Anonymous , 12/23/13 08:53 AM:

I personally agree that more instrumentation is needed and that the instrumentation should have more and smarter diagnostics. The article appears to really be about type 4, 3, and 2 diagnostics for better situational awareness.

Most plants were built years ago with a minimal amount of instrumentation necessary required to safely operate the process, because 4-20 mA and on/off signals are expensive due to the large amount of cable, conduit, junction boxes, cable tray, installation labor, marshalling cabinets, system cabinets, and I/O cards etc. Improving process unit utilization, energy efficiency, reducing maintenance costs, and mitigating safety and environmental incidents to stay competitive requires additional automation, but the necessary data is not available. These are missing measurements. But ageing plants can be modernized.

The article speaks of what is commonly referred to as ‘type 4’ diagnostics (Process Equipment Diagnostics) to improve process equipment reliability, reducing downtime, while minimizing maintenance cost and more effectively scheduling turnarounds by continuously diagnosing which equipment require maintenance and which don’t. Potential equipment includes heat exchangers, pumps, blowers, air cooled exchangers (fin-fans), unmonitored compressors, and cooling towers etc.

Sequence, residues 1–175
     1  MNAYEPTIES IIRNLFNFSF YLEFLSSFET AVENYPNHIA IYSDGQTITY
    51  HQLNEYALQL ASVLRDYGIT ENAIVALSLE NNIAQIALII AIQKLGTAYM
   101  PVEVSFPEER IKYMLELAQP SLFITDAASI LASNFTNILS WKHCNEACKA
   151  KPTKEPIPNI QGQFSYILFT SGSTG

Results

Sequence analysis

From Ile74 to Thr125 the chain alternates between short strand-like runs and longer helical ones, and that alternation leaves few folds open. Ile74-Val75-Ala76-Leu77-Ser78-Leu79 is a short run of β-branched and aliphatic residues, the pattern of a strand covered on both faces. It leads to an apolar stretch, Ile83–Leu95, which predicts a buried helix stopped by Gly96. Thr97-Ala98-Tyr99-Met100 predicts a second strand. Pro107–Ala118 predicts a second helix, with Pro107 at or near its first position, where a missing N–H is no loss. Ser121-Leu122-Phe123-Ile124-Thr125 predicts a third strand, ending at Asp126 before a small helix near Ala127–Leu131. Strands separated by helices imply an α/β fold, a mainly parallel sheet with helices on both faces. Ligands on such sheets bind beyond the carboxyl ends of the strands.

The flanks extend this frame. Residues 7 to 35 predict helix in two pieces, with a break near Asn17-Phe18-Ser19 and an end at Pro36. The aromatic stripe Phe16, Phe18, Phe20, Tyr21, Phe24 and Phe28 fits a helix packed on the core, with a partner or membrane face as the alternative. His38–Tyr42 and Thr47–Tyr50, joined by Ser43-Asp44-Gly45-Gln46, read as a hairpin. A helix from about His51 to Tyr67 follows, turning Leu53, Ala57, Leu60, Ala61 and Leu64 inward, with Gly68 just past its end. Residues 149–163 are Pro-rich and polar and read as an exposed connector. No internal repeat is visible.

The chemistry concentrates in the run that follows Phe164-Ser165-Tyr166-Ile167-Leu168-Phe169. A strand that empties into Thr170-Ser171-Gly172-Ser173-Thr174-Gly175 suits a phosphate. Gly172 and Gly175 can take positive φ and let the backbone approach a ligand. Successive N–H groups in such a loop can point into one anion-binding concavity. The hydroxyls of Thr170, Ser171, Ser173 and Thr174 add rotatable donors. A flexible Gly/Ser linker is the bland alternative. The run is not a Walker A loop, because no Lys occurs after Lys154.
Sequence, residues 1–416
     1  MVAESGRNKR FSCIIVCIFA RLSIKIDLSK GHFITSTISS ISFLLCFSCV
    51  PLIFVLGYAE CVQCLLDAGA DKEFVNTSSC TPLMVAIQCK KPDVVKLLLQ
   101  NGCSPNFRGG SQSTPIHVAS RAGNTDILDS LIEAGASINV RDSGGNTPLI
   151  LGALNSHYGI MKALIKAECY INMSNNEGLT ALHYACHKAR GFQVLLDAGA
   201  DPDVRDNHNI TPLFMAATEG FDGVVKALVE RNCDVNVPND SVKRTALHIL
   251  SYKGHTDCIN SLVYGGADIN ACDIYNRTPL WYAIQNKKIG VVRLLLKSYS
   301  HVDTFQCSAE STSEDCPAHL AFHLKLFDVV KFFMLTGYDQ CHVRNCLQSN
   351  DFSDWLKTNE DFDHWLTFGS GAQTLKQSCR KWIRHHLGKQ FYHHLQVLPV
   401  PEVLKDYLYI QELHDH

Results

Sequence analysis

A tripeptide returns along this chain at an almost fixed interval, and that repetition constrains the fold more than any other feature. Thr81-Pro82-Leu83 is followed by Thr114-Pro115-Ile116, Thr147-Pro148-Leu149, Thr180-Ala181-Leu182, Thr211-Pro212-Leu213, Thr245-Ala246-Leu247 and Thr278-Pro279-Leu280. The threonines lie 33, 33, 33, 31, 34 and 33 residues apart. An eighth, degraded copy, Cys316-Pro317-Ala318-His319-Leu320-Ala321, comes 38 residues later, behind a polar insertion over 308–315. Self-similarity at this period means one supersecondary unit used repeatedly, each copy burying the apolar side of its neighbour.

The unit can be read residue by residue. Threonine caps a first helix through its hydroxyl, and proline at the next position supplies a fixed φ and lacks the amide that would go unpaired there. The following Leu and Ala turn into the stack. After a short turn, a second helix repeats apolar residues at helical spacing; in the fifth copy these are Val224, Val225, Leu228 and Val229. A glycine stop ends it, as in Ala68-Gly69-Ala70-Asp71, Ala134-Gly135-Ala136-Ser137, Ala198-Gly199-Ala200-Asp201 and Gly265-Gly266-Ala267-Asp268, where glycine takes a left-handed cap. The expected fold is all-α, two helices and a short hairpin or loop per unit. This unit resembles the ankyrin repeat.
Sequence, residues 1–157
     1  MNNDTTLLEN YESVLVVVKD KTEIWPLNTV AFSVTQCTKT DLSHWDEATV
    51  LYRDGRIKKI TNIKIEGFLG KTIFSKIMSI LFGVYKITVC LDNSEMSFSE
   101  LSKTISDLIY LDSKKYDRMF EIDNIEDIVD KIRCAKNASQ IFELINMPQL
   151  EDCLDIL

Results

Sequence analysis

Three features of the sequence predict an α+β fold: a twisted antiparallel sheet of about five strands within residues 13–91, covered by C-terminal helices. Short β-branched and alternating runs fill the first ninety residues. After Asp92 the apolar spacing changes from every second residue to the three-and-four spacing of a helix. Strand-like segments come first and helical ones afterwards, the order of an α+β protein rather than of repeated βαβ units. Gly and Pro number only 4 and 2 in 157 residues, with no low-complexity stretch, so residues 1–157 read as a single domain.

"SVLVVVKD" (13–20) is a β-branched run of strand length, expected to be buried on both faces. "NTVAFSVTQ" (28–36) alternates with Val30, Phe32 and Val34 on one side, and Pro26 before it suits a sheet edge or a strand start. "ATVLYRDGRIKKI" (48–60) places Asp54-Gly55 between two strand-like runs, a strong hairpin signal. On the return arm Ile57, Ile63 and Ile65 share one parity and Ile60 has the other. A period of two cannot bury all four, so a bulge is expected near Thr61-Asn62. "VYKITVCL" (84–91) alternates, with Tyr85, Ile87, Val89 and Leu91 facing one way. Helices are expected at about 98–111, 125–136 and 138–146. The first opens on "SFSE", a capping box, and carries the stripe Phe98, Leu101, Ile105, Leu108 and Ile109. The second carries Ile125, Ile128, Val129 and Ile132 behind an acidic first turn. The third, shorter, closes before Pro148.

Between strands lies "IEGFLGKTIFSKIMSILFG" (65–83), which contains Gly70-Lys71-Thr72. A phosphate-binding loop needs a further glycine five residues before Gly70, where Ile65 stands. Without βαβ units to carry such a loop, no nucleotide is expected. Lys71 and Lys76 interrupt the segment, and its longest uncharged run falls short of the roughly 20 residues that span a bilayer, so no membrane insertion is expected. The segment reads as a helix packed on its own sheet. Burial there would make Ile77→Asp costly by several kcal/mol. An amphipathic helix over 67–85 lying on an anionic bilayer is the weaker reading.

Additionally, plant modernization should cover automatic energy monitoring to drive energy conservation measures for generation, consumption, and loss to improve energy efficiency thus reducing cost. Automatic HS&E monitoring to reduce personnel exposure, detect hazards, record emissions, and provide operators increased situational awareness thus benefitting health, safety, and environmental as well as for associated regulatory compliance should also be part of modernization.